Two 90mm drum brakes are more than enough for this velonaut. I'd did upgrade the brake cables, the stock cables where the cheapest sort imaginable. There is a bit of brake steer, but even above 50kph, it's nothing to worry about.

The drive train is perhaps a masterpiece. I don't know the physics involved, but this utterly stiff set up I've got is great. The carbon boom, carbon sandwich floor, immense oversized rear swing arm, the chain line and the 23t TC idler make viaducts (and hills) feel less steep. Also on the 39t chain ring, this drive train is a long way ahead on the competition. You've got to experience it to fully understand it. (and when you ask, almost any kind of drive train is possible, like gearing needed on 20% grades)

Last week I tried out the luggage capacity. With some creativity, I can fit in my usual camping gear. Only thing left to figure out is a 'thing' to hold my sleeping bag in front of the crank set.Something with Coroplast and tiny brackets held in place with epoxy. The space in front of the wheel wells also is tempting to use. The thing is that there's enough room inside this small sports velomobile to carry almost the same amount of stuff as I could get in my Mango. It does ask for more creativity.

The chain needs some kind of cover between the idler and the rear swing arm. And again, a small piece of Coroplast does the job. Now my Radical Design velomobile bag finds a stable and clean spot under my right elbow.

Summation: I like it, a lot. And with a tiny bit of creativity with Coroplast and a sewing machine, the every practicality is there too. Yes you sacrifice things like a 'Flintstone reverse' and a few centimetres of ground clearance. But my wish never was to reverse and have 14cm of air under my vm. Speed and handling are worth more to me.

More photo's

11 Dec 2011

Ride to Dronten (XS & K)

I bought my K with a 70t chainring. 70 is a big number, so big, that I even at 65kph, my cadence would be only just over 90rpm. Indeed, that makes no sense. With 61t, starting is easier, and the whole range would be more 'close ratio'. had a 61 in stock and I rode there to get it.

I left at a quarter past 10, and grabbed a banana after 45km, that I ate whilst riding. A short pause after 58km for the pond across a water. 42 km later I was at my destination.

There was quite a crowd at Velonauts for parts, advice, technical problems, new vm's or just out as a group. Nina had brought something tasty to share. Marjolein's Strada had a small technical issue with an own will. I quickly received my 61. When asked how I'd install the new part, I simply replied: 'just crawl in'. And once I was in, swapping the parts was easy. Most important, I didn't get stuck on my way out. Than there was more time for eating and some velo talk. Clement found out he fit's in my K. Others studied it, up close.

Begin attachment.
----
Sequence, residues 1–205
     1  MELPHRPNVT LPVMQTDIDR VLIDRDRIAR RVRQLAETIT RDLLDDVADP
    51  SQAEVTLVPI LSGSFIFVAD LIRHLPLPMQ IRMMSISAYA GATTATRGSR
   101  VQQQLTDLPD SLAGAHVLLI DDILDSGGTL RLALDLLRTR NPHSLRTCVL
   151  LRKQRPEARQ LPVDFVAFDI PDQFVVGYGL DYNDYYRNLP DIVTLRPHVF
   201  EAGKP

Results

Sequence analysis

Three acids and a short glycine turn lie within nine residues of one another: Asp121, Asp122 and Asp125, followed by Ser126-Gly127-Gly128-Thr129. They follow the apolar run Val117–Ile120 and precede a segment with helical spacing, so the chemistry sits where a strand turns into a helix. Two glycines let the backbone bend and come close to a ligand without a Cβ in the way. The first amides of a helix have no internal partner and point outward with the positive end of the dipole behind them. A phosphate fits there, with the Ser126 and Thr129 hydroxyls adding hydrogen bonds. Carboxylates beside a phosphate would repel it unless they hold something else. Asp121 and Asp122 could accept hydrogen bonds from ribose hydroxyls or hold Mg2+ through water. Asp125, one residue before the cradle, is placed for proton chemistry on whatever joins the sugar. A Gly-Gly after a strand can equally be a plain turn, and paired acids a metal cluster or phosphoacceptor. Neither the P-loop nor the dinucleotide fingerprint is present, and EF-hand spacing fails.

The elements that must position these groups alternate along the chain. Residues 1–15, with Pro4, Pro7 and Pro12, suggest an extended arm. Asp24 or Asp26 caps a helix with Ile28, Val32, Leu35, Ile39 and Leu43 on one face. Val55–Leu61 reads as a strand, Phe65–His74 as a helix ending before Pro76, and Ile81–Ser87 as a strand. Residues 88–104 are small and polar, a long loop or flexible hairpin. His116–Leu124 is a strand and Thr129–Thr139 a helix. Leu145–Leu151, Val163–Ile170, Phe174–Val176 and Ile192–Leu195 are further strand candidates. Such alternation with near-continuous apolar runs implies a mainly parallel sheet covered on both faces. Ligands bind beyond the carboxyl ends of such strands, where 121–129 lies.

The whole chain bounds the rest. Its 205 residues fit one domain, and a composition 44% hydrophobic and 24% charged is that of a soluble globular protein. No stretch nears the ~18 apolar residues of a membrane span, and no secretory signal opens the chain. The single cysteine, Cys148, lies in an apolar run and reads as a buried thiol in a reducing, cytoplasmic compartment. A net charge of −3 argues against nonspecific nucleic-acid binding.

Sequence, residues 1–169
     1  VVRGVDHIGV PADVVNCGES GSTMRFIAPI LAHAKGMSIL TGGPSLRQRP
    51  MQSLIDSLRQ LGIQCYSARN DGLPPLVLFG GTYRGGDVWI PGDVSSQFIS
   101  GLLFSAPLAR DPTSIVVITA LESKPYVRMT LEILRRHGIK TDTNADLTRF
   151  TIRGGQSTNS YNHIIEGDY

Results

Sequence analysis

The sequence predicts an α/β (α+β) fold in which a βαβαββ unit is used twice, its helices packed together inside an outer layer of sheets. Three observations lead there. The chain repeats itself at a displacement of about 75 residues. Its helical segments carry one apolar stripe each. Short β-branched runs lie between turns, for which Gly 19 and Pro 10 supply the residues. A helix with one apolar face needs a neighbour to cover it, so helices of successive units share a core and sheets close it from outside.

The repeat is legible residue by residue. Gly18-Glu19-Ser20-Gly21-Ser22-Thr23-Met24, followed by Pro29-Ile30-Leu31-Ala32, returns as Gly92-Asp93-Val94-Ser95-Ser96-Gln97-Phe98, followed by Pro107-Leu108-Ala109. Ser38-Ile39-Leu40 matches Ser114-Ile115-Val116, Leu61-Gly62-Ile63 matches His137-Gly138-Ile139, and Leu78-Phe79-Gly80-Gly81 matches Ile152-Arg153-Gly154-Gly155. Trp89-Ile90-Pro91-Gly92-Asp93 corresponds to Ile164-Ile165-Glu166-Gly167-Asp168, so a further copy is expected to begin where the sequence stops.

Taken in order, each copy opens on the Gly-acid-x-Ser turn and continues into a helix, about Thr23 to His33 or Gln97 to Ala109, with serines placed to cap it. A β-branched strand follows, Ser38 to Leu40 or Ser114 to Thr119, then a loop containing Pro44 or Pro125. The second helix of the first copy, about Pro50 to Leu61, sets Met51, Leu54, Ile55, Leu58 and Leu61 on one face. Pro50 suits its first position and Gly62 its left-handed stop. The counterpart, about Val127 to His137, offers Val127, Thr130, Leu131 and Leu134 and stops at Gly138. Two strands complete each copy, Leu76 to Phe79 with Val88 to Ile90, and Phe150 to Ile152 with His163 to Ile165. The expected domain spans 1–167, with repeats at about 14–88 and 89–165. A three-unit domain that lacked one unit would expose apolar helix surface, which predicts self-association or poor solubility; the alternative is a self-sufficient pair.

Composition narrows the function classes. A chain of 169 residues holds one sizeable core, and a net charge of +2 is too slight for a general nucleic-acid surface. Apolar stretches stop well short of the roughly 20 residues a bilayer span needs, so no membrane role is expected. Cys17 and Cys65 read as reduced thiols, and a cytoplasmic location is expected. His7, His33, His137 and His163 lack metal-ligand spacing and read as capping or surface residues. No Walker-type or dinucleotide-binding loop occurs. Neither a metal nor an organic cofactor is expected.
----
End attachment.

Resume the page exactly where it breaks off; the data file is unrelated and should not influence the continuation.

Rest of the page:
What had caught my eye was the new Quest XS. And hurrah, I was offered a ride. Now, I'd just bought myself a very fine vm, but it's always good to know how such an eagerly awaited machines is in real life. I didn't ride for long, perhaps 10 minutes or so. Talking about how it's build and what specs it has is not that interesting. It's a Quest, so it's it good in just about every aspect. Build with a huge amount of every day experience.

What really makes it different is that the body is lower. Because of that, small people can sit just as low, and have their seat just as reclined as large people can in the big Q. And whereas I (short featherweight velonaut) always found the big Q very unstable, the XS is alright, a bit like a Mango perhaps. Compared to my K it's very comfortable, but it weights more and isn't such a dream when it comes down to handling and raw speed. But it's a good vm, absolutely. And, when you stand next to it, it looks better than on a photo. Even the rather large head fairing is well proportioned. The XS was designed with a rider up to 1.75m tall. I'm right on the limit, particularly with my 110cm ex-seam. And shoe size 43 felt like a maximum with 155mm cranks.

Back in my Ksynonica J. for  the ride home, I felt at home again. The 9t less on the chain ring make it a lot better to ride, much easier and smoother to accelerate. The evening before, I'd swapped the hard chain tube for a softer one, with flared ends. That lowered the sound level a lot. Velomobiles and hard chain tubes are not a good combination.

I rode the final 55km in the dark. A clear sky, a long smooth cycle path ahead and 36kph on the cyclometer. The Philips head light (tweaked to work on the onboard battery) gives a nice beam, wide and far. And when 20Lux isn't enough because of dirt on the road, the high mode of 80Lux certainly will give enough light. Day's total was 180km.